My logged dives #1025-1026
Friday, December 10, 2010
Paula was making great progress in the pool, getting through her exercises with developing skill and confidence, and she wanted to get certified before traveling to Australia in two weeks time. No one in my family wanted to drive all that way just for the day but I hopped in the car and met Paula and Eric and Delilah, whom I'd certified the weekend before, for two dives off Dibba Rock.
Dibba Rock can be one of the most hopping dive spots in the UAE. Last week we saw lots of sharks and devil rays there. This week it was relatively tame from our perspective, though we were told that the same animals were being spotted by other divers. Visibility was poor, cloudy with even some algae, which is possibly why we were not able to spot the animals that could easily have been nearby, a meter beyond what we could see in the hazy water conditions.
We still enjoyed the diving. I felt like I was diving with an experienced crew, none of my novices posed the slightest problem that would compromise the dives, which for Paula and I lasted one hour and 50 minutes, respectively. Our first dive was in the reef on the south side between the island and the shore, just 8 meters or so, and for the second we visited the back side and got down to 50 feet, about 14 meters.
Though we didn't see the really big game on our dives today, we found interesting things to observe in nature. On our first dive we found a turtle that tolerated our coming quite close. He was at the southernmost part of the V of the reef. We went back up the left side to the northwest top of the V and finned east to the rock where the porite coral and schools of reef fish were. There's always lots to see there, hovering puffers, and jacks swimming by our shoulders away from the reef. When we returned down the V the turtle was still there. Paula and I stayed in his vicinity hoping other animals would pay us a visit. Eric and Delilah had succumbed to end-of-dive need-more-weight by then, and had surfaced and drifted some ways to the east. They learned fast and would trim for the next one.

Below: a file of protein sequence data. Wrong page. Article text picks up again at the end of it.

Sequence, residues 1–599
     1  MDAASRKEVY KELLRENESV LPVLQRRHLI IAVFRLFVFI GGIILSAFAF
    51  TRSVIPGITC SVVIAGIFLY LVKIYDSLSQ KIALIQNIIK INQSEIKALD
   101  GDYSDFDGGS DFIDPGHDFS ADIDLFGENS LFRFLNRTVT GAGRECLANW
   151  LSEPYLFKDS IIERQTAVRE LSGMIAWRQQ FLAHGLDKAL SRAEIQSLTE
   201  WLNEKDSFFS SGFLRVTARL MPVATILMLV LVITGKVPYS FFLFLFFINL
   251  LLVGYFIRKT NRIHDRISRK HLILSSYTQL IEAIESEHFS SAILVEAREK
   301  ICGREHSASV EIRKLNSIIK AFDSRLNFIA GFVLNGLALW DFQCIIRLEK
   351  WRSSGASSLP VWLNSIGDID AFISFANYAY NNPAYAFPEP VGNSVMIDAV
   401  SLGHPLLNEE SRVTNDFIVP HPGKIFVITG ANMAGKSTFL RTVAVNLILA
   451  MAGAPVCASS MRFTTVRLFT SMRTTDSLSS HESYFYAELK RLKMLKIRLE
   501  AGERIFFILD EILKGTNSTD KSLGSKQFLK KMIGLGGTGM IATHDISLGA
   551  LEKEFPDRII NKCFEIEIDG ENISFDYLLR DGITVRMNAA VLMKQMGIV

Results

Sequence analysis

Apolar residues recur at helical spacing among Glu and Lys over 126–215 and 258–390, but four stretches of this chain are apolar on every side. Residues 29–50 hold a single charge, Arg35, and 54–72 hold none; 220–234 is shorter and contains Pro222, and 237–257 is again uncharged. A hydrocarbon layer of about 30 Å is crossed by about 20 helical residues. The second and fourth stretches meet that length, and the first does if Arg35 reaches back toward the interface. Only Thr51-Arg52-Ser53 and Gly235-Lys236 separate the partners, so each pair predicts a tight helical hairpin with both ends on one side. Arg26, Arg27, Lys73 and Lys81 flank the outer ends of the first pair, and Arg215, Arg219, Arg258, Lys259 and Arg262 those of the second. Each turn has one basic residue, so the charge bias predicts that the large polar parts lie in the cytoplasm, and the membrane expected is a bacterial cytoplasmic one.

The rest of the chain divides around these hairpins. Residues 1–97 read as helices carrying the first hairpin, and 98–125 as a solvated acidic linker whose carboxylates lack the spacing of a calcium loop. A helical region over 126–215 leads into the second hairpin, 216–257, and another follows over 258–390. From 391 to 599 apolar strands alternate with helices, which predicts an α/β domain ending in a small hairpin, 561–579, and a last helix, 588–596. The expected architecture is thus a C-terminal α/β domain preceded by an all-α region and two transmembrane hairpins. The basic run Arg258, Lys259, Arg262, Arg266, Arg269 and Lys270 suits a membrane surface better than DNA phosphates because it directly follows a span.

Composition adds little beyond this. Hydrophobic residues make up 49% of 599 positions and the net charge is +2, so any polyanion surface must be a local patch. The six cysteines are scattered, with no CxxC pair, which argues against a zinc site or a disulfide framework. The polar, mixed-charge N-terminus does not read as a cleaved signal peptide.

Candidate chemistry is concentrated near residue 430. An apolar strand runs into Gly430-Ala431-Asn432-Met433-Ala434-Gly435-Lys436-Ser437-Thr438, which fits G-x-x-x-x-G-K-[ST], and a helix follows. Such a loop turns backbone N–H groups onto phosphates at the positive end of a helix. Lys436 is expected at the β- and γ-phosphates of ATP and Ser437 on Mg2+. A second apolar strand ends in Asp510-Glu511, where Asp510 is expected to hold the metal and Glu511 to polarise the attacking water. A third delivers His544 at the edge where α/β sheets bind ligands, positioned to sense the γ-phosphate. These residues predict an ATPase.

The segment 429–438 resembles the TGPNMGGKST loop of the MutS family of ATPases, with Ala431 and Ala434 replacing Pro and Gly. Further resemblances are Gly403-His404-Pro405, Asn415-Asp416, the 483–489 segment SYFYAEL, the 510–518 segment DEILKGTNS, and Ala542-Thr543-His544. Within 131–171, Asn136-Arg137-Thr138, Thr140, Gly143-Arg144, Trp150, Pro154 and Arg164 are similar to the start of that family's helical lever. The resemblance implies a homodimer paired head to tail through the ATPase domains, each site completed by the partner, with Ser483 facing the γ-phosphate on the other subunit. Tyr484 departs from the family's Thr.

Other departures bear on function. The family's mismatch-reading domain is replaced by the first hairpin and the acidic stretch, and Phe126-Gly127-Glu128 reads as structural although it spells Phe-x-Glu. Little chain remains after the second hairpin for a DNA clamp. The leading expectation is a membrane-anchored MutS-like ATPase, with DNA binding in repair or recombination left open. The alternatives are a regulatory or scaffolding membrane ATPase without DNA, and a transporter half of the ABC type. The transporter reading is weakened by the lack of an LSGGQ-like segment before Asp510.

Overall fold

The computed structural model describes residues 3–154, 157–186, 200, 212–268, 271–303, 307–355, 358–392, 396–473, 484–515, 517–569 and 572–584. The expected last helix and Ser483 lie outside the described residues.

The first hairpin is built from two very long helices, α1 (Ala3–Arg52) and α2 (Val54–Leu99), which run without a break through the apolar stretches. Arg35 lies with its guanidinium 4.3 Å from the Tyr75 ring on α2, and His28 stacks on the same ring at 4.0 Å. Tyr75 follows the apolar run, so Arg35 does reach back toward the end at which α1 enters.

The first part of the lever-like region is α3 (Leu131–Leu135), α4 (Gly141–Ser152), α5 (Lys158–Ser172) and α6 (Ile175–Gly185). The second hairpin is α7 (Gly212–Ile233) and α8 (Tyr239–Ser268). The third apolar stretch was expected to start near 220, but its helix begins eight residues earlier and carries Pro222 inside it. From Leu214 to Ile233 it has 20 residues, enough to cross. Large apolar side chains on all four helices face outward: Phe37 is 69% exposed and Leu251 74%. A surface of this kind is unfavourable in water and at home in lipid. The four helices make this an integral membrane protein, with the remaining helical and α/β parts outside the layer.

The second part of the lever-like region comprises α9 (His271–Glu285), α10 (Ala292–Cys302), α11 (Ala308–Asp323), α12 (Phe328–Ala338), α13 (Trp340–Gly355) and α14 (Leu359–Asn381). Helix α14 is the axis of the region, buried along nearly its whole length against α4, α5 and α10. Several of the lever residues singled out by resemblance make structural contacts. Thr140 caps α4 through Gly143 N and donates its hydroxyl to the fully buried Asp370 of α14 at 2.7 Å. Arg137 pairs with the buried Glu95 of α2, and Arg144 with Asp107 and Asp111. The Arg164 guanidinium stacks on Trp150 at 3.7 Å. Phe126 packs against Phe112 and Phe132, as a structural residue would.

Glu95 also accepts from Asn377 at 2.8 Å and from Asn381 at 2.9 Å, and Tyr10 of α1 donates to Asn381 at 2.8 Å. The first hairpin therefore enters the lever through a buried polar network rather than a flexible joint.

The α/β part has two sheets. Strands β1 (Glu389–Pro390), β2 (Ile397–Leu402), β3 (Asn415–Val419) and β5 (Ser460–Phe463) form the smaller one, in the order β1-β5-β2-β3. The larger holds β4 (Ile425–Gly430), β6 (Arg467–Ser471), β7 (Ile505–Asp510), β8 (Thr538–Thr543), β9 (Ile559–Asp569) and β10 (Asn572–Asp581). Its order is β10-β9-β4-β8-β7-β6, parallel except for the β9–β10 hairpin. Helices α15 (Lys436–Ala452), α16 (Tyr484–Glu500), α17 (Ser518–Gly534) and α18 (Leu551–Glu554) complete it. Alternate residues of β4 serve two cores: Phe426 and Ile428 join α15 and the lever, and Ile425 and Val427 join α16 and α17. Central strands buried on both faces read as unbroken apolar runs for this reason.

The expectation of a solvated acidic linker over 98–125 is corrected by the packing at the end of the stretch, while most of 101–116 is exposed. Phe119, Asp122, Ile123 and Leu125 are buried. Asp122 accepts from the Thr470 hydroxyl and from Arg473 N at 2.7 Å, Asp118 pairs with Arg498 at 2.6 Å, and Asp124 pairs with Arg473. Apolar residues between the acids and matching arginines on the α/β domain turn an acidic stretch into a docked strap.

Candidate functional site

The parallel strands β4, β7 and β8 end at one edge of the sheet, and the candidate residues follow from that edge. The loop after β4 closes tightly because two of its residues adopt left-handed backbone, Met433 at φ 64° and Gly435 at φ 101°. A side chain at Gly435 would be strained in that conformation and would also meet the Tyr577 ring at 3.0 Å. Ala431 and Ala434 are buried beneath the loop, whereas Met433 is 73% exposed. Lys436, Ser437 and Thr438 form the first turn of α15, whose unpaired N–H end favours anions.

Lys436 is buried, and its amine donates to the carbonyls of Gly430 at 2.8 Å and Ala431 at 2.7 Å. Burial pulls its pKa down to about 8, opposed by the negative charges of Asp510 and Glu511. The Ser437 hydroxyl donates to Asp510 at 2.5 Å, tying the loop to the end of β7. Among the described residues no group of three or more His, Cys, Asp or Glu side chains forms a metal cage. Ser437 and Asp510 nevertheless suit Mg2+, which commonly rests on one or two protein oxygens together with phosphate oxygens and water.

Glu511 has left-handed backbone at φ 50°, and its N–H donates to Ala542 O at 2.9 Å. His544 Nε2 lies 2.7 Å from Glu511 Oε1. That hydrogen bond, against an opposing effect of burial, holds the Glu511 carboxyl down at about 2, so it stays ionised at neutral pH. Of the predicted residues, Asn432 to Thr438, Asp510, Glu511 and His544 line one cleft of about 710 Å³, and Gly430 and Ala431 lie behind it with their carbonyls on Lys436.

For the second dive we started in the same spot, just west of what's left of the raspberry coral. Paula saw a turtle swim by as we were descending. We went back down the V again but saw little apart from the attractive schools of snappers and other reef fish as we returned to the top and over to the aquarium. I led us north for the trip down to the sand at the back of the rock. I looked over at Paula and saw right next to her a barracuda almost a meter long. She was looking at me but followed my finger as I pointed. By then it had moved away to join its mates, not so impressively close.
We went to 14 meters out over the sand but saw little of interest there. On the way back to the rock, still over the sand, Paula spotted a huge Spanish mackerel swim between us and the boulders, the biggest fish we would see that day.
I led us up into the daylit gap indicating we had rounded the rock and we ended our dive in the shallows there. A coronet fish swam past, unfamiliar to Paula. I was hoping to lead us into the shallows south of Dibba Rock where sharks had been spotted earlier that day, but we were fighting the current and we surfaced at 50 min into the dive, making no headway against it.
It was nice diving again with Eric and Delilah, back for more after our intensive weekend previous, and it's always great to certify another open water diver.